At a time when recycling, allotments and "austerity chic" are in vogue, Nicol had the bright idea of looking back at a time when digging for victory and making do and mending were vital for the survival of the nation.

UK may have to import rubbish for incinerators

Waste Britain: Improved recycling rates mean that we may not have enough garbage to feed planned new plants

James Lawton: Why Morgan's reprieve has swept arguments against technology into the dustbin

Still, some wonder why from time to time quite a number of us are so outraged by the neglect of technological assistance for match officials.

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Burgundy, the River Rhone & Provence – MS Swiss Corona - seven nights from £999pp
Lake Maggiore, Orta and the Matterhorn – seven nights from £899pp
Sicily – seven nights from £939pp
Pompeii, Capri and the Bay of Naples - seven nights from £799pp
Istanbul Ephesus & Troy – six nights from £859pp
Mary Rose – two nights from £319pp
Ukraine crisis: The phoney war is over as Russian troops and armour pour across the border

The phoney war is over

Russian troops and armour pour into Ukraine
Potatoes could be off the menu as crop pests threaten UK

Potatoes could be off the menu as crop pests threaten UK

The world’s entire food system is under attack - and Britain is most at risk, according to a new study
Gangnam smile: why the Chinese are flocking to South Korea to buy a new face

Gangnam smile: why the Chinese are flocking to South Korea to buy a new face

Seoul's plastic surgery industry is booming thanks to the popularity of the K-Pop look
From Mozart to Orson Welles: Creative geniuses who peaked too soon

Creative geniuses who peaked too soon

After the death of Sandy Wilson, 90, who wrote his only hit musical in his twenties, John Walsh wonders what it's like to peak too soon and go on to live a life more ordinary
Caught in the crossfire of a cyber Cold War

Caught in the crossfire of a cyber Cold War

Fears are mounting that Vladimir Putin has instructed hackers to target banks like JP Morgan
Salomé's feminine wiles have inspired writers, painters and musicians for 2,000 years

Salomé: A head for seduction

Salomé's feminine wiles have inspired writers, painters and musicians for 2,000 years. Now audiences can meet the Biblical femme fatale in two new stage and screen projects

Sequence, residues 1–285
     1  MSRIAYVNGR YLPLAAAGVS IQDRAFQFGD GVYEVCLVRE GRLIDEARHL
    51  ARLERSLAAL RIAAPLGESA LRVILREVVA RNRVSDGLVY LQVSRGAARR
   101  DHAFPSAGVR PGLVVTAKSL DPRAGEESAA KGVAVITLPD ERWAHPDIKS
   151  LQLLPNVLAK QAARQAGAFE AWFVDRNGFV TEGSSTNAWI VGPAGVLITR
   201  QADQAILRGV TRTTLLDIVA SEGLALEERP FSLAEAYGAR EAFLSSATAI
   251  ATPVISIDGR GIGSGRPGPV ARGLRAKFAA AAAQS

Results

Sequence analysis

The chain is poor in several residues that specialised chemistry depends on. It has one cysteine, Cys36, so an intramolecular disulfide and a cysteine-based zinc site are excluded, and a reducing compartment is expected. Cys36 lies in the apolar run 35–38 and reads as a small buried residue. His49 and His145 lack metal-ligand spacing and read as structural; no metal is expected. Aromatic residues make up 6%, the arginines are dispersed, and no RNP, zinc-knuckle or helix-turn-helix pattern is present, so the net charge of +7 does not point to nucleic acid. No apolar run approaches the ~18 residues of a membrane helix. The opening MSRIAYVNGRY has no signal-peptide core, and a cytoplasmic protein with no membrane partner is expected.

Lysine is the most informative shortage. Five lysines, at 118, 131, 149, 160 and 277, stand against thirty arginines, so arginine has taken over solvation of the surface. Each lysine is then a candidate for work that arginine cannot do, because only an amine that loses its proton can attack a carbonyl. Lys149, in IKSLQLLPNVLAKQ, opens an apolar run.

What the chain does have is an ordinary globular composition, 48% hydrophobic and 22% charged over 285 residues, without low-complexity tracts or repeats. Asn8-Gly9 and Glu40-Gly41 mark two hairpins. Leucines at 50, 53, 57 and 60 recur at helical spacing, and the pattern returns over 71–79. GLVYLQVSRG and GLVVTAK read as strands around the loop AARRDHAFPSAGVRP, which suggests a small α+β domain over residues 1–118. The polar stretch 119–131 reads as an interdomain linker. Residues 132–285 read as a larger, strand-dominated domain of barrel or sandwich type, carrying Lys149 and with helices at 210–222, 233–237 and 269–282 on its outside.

From Bram Stoker to Stanley Kubrick, the British Library's latest exhibition celebrates all things Gothic

British Library celebrates all things Gothic

Forthcoming exhibition Terror and Wonder: The Gothic Imagination will be the UK's largest ever celebration of Gothic literature
The Hard Rock Café's owners are embroiled in a bitter legal dispute - but is the restaurant chain worth fighting for?

Is the Hard Rock Café worth fighting for?

The restaurant chain's owners are currently embroiled in a bitter legal dispute
Caribbean cuisine is becoming increasingly popular in the UK ... and there's more to it than jerk chicken at carnival

In search of Caribbean soul food

Caribbean cuisine is becoming increasingly popular in the UK ... and there's more to it than jerk chicken at carnival
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11 best face powders

Sweep away shiny skin with our pick of the best pressed and loose powder bases
England vs Norway: Roy Hodgson's hands tied by exploding top flight

Roy Hodgson's hands tied by exploding top flight

Lack of Englishmen at leading Premier League clubs leaves manager hamstrung
Angel Di Maria and Cristiano Ronaldo: A tale of two Manchester United No 7s

Di Maria and Ronaldo: A tale of two Manchester United No 7s

They both inherited the iconic shirt at Old Trafford, but the £59.7m new boy is joining a club in a very different state
Israel-Gaza conflict: No victory for Israel despite weeks of death and devastation

Robert Fisk: No victory for Israel despite weeks of devastation

Palestinians have won: they are still in Gaza, and Hamas is still there
Mary Beard writes character reference for Twitter troll who called her a 'slut'

Unlikely friends: Mary Beard and the troll who called her a ‘filthy old slut’

The Cambridge University classicist even wrote the student a character reference
America’s new apartheid: Prosperous white districts are choosing to break away from black cities and go it alone

America’s new apartheid

Prosperous white districts are choosing to break away from black cities and go it alone